"[Social enterprises] are economic ventures that are solving problems, and in our case in Canada, we believe the defining issue is connecting people who most need the work with the work that most needs to be done."
Longtime community economic development (CED) practitioner and social enterprise developer, Shaun Loney, was interviewed by Anna Maria Tremonti on CBC's The Current this Tuesday regarding his latest book An Army of Problem Solvers. Loney has co-founded and mentored 11 social enterprises including two organizational members of the Canadian CED Network, BUILD and Aki Energy.
About Aki Energy he says, "'Aki' is an Ojibwe word for Earth and we're doing geothermal on First Nations. But we've started several other social enterprises through it on many other First Nations in Manitoba. In fact, the two largest geothermal companies in all of Western Canada are social enterprises that we've started, they're employing people where there were no where there was no employment before."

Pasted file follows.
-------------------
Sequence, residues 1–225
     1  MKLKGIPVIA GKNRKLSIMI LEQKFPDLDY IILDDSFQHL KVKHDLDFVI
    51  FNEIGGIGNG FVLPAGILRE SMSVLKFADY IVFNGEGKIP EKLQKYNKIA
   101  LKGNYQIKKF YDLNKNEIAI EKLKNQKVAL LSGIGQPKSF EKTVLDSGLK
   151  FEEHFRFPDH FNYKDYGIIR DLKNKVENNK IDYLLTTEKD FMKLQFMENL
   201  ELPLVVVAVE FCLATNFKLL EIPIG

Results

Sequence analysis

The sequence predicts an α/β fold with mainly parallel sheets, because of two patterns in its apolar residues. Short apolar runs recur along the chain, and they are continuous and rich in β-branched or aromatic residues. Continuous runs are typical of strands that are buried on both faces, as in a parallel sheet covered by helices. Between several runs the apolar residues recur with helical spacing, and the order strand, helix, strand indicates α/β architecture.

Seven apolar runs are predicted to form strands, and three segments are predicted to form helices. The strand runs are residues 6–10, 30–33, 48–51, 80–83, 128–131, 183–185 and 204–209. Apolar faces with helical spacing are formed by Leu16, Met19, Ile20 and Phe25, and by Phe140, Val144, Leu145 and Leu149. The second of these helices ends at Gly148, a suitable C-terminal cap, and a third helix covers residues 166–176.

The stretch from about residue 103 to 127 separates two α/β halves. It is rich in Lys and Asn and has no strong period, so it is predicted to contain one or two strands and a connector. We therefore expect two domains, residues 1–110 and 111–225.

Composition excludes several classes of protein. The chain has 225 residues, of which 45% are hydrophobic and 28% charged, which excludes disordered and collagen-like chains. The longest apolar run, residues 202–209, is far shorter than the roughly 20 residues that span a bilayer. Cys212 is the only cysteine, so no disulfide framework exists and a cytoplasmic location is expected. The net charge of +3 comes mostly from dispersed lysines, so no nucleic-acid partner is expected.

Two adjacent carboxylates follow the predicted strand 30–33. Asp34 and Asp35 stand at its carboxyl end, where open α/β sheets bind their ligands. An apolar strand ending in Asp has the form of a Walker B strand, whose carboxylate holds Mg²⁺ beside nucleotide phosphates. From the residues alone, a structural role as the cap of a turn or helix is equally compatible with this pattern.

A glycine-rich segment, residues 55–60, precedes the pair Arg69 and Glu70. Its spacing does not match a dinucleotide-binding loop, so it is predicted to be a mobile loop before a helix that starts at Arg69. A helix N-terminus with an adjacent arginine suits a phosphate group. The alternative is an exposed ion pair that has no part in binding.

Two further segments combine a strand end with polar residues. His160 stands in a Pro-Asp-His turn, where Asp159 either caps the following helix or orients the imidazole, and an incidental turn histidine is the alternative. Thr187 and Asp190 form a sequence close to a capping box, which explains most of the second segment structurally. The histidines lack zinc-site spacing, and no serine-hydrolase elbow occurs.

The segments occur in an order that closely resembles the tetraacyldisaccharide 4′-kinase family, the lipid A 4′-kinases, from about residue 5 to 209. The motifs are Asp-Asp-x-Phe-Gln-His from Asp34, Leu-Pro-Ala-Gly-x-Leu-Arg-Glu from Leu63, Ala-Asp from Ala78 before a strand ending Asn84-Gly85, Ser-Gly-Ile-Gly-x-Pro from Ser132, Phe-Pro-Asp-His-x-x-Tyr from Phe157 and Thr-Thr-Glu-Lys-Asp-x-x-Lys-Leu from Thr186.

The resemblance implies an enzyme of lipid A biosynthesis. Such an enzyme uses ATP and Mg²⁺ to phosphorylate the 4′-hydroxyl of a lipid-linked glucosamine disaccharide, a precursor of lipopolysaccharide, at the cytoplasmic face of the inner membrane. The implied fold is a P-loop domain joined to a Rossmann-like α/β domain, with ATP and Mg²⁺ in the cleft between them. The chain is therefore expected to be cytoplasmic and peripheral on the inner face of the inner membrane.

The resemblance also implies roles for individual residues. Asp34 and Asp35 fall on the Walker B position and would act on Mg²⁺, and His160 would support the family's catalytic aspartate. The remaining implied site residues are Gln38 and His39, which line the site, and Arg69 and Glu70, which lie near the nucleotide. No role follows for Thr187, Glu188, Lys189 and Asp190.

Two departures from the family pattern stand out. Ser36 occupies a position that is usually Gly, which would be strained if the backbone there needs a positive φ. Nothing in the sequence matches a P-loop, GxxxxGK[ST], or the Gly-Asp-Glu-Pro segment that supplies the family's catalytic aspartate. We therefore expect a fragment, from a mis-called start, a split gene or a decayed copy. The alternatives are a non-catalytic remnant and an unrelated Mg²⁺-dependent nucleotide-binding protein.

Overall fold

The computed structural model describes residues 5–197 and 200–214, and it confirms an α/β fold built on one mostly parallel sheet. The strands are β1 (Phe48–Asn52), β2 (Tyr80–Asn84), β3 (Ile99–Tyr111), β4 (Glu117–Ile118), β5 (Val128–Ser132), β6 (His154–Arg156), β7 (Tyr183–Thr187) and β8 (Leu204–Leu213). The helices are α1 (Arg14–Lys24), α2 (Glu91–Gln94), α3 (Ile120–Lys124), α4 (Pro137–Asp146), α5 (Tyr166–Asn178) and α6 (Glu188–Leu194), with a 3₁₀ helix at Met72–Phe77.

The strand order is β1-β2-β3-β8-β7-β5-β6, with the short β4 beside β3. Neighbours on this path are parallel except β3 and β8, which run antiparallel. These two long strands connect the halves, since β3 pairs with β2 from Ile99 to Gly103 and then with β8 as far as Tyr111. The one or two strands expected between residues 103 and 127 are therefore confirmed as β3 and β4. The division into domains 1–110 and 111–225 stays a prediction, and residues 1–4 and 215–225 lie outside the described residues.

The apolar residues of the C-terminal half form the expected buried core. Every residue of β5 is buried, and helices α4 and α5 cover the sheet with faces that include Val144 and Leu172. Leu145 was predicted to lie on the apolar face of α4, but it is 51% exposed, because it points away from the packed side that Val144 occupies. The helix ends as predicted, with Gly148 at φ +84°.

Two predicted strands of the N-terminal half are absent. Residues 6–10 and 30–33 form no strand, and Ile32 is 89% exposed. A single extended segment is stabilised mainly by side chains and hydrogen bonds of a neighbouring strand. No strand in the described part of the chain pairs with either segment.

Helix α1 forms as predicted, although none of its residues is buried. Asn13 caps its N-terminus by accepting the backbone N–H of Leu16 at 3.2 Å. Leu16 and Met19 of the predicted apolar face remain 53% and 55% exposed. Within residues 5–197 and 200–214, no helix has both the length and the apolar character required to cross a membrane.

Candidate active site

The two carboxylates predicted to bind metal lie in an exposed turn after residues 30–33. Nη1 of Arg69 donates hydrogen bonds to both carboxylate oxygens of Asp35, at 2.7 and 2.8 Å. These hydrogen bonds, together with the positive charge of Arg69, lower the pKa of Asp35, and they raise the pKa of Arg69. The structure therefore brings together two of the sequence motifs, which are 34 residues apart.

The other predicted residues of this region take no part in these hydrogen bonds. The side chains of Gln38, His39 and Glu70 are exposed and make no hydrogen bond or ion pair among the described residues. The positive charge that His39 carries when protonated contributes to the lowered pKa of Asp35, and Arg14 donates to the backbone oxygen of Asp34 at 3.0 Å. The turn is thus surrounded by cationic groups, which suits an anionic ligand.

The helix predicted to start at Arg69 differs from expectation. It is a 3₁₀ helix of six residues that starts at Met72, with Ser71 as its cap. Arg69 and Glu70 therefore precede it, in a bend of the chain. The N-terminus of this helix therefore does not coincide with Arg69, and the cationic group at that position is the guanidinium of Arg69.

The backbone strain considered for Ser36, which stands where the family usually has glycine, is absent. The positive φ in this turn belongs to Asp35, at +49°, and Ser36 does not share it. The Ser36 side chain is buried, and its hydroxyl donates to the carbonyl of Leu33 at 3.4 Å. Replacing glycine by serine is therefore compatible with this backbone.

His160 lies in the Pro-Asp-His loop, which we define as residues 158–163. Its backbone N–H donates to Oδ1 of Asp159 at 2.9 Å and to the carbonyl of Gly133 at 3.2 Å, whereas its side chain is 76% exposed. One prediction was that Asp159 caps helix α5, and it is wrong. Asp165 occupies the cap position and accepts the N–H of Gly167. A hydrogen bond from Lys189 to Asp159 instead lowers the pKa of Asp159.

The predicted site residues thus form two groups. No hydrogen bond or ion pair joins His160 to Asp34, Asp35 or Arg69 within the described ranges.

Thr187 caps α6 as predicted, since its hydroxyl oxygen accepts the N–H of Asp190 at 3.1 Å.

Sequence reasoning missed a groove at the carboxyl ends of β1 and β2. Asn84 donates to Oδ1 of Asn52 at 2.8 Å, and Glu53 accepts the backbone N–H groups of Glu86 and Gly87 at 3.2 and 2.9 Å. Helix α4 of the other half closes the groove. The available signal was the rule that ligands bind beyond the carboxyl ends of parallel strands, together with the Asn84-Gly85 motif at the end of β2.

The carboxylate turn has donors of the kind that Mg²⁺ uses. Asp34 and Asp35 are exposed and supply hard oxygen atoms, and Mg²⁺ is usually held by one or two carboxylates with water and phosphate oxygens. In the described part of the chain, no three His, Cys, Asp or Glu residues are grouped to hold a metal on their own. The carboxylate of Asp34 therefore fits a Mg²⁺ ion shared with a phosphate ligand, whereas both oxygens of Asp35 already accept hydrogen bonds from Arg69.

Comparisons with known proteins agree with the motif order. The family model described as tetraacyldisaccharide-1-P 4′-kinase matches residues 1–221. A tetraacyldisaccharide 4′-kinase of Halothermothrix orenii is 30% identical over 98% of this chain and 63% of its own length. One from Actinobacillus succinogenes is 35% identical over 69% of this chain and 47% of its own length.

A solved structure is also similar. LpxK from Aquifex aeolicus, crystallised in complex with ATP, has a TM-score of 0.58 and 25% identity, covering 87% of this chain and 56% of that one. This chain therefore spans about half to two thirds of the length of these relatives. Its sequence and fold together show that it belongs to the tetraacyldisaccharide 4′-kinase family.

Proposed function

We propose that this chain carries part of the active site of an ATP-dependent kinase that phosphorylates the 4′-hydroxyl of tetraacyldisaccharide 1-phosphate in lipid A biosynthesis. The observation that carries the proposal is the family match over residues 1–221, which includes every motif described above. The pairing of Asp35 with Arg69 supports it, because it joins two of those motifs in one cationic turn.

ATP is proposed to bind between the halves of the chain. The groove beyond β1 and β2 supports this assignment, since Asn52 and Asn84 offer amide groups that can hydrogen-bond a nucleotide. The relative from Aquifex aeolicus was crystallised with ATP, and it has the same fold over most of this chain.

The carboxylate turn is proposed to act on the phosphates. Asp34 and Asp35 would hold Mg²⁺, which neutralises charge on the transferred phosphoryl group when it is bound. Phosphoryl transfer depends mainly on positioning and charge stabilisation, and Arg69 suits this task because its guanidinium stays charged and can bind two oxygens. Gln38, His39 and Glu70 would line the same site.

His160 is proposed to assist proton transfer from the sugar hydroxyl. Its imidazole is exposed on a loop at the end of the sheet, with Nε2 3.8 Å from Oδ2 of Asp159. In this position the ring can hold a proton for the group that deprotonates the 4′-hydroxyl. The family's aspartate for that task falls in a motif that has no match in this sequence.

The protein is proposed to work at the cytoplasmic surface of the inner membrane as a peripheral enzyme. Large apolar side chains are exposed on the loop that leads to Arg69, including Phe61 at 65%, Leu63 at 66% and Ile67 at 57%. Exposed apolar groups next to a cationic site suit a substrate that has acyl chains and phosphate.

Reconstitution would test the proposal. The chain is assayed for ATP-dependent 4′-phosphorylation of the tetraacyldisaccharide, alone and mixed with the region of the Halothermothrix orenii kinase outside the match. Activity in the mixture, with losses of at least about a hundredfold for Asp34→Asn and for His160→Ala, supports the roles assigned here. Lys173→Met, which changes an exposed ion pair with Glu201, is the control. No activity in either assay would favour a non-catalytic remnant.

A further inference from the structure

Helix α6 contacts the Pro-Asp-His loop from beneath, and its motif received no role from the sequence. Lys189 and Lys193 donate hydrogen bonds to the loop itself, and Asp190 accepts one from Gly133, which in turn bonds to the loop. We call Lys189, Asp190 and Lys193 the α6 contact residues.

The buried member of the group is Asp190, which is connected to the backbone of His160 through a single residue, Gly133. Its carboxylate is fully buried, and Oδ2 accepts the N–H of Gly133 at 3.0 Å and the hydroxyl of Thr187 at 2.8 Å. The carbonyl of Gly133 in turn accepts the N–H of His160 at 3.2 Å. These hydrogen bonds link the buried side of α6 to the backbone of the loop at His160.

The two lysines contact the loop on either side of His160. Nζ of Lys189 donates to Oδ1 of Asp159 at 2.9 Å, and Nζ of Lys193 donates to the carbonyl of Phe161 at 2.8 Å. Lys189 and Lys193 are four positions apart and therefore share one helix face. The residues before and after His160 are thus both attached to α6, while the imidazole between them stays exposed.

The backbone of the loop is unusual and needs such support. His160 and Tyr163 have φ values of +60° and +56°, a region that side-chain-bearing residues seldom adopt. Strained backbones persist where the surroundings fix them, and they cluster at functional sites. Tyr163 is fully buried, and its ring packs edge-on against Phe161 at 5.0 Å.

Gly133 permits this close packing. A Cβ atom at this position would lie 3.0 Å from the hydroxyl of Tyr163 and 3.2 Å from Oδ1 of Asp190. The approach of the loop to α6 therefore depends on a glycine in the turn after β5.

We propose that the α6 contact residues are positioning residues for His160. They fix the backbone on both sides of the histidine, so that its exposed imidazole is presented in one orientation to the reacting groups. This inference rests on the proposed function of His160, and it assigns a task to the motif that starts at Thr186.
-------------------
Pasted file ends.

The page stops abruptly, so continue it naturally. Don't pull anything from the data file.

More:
As a former bureaucrat (Director of Energy Policy for the Government of Manitoba) he has some strong words about government involvement in both First Nations economic development and social enterprise.
For more from Shaun Loney on An Army of Problem Solvers, check out the recording from the webinar hosted by The Canadian CED Network on December 7th.